CCD is the main factor that influences the XRT background level. After the failure of the Swift active on-board
temperature control system, the XRT detector now operates at a temperature range between -75C and -45C thanks to a
passive cooling Heat Rejection System. We report on the long-term effects on the background caused by radiation,
consisting mainly of proton irradiation in Swift's low Earth orbit and on the short-term effects of transits through the
South Atlantic Anomaly (SAA), which expose the detector to periods of intense proton flux. We have determined the
fraction of the detector background that is due to the internal, instrumental background and the part that is due to
unresolved astrophysical sources (the cosmic X-ray background) by investigating the degree of vignetting of the
measured background and comparing it to the expected value from calibration data.
The Swift X-ray Telescope (XRT) focal plane camera is a front-illuminated MOS CCD, providing a spectral response kernel of 144 eV FWHM at 6.5 keV. We describe the CCD calibration program based on celestial and on-board calibration sources, relevant in-flight experiences, and developments in the CCD response model. We illustrate how the revised response model describes the calibration sources well. Loss of temperature control motivated a laboratory program to re-optimize the CCD substrate voltage, we describe the small changes in the CCD response that would result from use of a substrate voltage of 6V.
The XRT is a sensitive, autonomous X-ray imaging spectrometer onboard the Swift Gamma-Ray Burst Observatory. The unique observing capabilities of the XRT allow it to autonomously refine the Swift BAT positions (~1-4' uncertainty) to better than 2.5 arcsec in XRT detector coordinates, within 5 seconds of target acquisition by the Swift Observatory for typical bursts, and to measure the flux, spectrum, and light curve of GRBs and afterglows over a wide dynamic range covering more than seven orders of magnitude in flux (62 Crab to < 1 mCrab). The results of the rapid positioning capability of the XRT are presented here for both known sources and newly discovered GRBs, demonstrating the ability to automatically utilise one of two integration times according to the burst brightness, and to correct the position for alignment offsets caused by the fast pointing performance and variable thermal environment of the satellite as measured by the Telescope Alignment Monitor. The onboard results are compared to the positions obtained by groundbased follow-up. After obtaining the position, the XRT switches between four CCD readout modes, automatically optimising the scientific return from the source depending on the flux of the GRB. Typical data products are presented here.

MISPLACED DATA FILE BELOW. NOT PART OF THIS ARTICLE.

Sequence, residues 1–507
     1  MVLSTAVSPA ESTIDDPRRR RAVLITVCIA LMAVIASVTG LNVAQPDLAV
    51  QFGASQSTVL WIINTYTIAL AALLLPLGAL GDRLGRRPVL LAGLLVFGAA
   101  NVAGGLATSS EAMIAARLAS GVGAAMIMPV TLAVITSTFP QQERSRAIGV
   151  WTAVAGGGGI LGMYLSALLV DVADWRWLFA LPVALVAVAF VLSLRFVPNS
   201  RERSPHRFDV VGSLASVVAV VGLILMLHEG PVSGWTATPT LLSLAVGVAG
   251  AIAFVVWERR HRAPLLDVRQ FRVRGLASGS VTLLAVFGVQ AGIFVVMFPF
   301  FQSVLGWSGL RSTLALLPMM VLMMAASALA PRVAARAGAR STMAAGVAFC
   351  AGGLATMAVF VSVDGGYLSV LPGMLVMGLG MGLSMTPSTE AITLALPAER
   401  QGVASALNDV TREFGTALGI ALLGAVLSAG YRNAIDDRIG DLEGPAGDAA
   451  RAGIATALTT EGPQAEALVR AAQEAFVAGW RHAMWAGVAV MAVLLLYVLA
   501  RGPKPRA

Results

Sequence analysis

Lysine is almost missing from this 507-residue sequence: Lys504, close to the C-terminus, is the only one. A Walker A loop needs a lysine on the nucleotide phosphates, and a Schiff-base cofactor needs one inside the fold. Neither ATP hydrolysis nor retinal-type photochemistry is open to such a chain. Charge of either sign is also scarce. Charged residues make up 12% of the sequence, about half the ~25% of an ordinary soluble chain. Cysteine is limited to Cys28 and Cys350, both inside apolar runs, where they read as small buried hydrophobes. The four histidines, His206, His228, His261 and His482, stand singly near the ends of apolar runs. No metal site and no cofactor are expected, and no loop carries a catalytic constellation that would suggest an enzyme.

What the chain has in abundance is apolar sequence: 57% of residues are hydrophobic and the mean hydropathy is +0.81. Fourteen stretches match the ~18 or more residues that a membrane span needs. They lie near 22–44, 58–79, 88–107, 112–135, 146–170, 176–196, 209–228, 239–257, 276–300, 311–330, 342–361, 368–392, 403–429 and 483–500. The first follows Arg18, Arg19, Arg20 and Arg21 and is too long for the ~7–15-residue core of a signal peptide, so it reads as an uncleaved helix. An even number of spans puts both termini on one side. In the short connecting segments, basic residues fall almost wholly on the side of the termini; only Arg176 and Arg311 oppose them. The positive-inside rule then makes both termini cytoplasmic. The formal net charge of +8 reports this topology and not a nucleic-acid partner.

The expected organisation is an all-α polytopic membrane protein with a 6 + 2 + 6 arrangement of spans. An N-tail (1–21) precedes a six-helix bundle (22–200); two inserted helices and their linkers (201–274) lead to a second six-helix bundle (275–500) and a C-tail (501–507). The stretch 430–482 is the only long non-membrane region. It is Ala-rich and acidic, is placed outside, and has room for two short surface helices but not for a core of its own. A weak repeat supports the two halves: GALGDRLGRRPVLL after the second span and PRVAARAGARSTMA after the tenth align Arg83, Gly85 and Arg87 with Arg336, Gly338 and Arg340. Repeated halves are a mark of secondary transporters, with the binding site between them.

The Swift X-ray Telescope (XRT) is designed to make astrometric, spectroscopic and photometric observations of the X-ray emission from
Gamma-ray bursts and their afterglows, in the energy band 0.2-10 keV.
Swift was successfully launched on 2004 November 20. Here we report the results of the analysis of Swift XRT Point Spread Function (PSF) as measured in the first four months of the mission during the instrument calibration phase.
The analysis includes the study of the PSF of different point-like sources both on-axis and off-axis with different spectral properties. We compare the in-flight data with the expectations from the on-ground calibration. On the basis of the calibration data we built an analytical model to reproduce the PSF as a function of the energy and the source position within the detector which can be applied in the PSF correction calculation for any extraction region geometry.
The Swift X-ray Telescope (XRT) is a CCD based X-ray telescope designed for localization, spectroscopy and long term light curve monitoring of Gamma-Ray Bursts and their X-ray afterglows. Shortly after launch there was a failure of the thermo-electric cooler on the XRT CCD. Due to this the Swift XRT Team had the unexpected challenge of ensuring that the CCD temperature stayed below -50C utilizing only passive cooling through a radiator mounted on the side of the Swift. Here we show that the temperature of the XRT CCD is correlated with the average elevation of the Earth above the XRT radiator, which is in turn related to the targets that Swift observes in an orbit. In order to maximize passive cooling of the XRT CCD, the XRT team devised several novel methods for ensuring that the XRT radiator's exposure to the Earth was minimized to ensure efficient cooling. These methods include: picking targets on the sky for Swift to point at which are known to put the spacecraft into a good orientation for maximizing XRT cooling; biasing the spacecraft roll angle to point the XRT radiator away from the Earth as much as possible; utilizing time in the SAA, in which all of the instruments on-board Swift are non-operational, to point at "cold targets"; and restricting observing time on "warm" targets to only the periods at which the spacecraft is in a favorable orientation for cooling. By doing this at the observation planning stage we have been able to minimize the heating of the CCD and maintain the XRT as a fully operational scientific instrument, without compromising the science goals of the Swift mission.
The Swift X-ray Telescope (XRT) is designed to make astrometric,